Phenomenology is the study of the connection between human awareness and social action. It is based on the underlying belief that society is created by humans.
Alfred Schulz brought phenomenology into the sociology context in the 1960s. He believed that people further social interaction by using their language and "internal knowledge."
One famous example of social phenomenology was developed by Peter Berger. Berger explained the concept of "marital reality." He believed that in marriage, two individuals merge their realities into one single reality. This new social reality affected their social interactions with each other and with other people outside the marriage.Learn More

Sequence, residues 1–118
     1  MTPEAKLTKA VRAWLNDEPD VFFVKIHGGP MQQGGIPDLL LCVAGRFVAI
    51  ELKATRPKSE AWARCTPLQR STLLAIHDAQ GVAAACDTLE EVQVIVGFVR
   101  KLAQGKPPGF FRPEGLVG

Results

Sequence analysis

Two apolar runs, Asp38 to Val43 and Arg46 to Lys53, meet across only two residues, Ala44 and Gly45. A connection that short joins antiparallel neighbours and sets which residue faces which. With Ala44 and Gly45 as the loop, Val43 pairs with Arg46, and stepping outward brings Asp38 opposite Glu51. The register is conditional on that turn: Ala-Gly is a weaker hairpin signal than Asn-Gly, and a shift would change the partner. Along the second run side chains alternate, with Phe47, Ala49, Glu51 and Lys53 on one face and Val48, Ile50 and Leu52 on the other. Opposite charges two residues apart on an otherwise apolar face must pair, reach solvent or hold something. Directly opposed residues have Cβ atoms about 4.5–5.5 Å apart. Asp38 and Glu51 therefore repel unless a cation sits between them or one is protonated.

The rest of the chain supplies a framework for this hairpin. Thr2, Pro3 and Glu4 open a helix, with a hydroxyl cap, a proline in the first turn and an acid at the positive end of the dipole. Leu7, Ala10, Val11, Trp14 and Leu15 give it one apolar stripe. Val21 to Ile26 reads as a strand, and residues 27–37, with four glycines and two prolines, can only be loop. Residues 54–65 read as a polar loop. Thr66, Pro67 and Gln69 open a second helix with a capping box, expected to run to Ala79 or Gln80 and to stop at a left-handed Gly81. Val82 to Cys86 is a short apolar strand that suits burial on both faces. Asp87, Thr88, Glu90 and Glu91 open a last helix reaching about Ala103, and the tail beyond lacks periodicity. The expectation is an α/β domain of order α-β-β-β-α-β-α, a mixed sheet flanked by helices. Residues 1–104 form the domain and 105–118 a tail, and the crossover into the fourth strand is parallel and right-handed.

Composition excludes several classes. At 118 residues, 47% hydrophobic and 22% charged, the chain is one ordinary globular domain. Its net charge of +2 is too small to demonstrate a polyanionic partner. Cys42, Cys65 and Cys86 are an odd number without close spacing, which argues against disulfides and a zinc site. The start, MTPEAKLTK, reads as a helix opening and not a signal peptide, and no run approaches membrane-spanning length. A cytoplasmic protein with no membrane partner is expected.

Sociology is important because it helps in solving social and international problems, gives better perspective into crime, helps in the study of institutional roles and in the understanding and planning of society. Sociology is basically defined as a study of individuals in relation to their society.Full Answer >
Methodology in sociology refers to the scientific way that a researcher chooses to test a social theory or concept. Sociological methods include the same methods used in other social science disciplines, such as experimentation, observation, surveys, quasi-experiments, content analysis and focus groups. Sociological researchers use both quantitative and qualitative methods to test hypotheses.Full Answer >
Postmodernism in sociology focuses on individual truths and stays away from information that is confined to cultures, races, traditions or groups, yet understands that individual experiences will always be relative and cannot yield universal truths. Postmodernism is a type of thought that does not believe in finite, unchanging, specific and certain principles for all and does not believe that there is a theory that can explain everything for every human being, such as a religious or philosophical truth.Full Answer >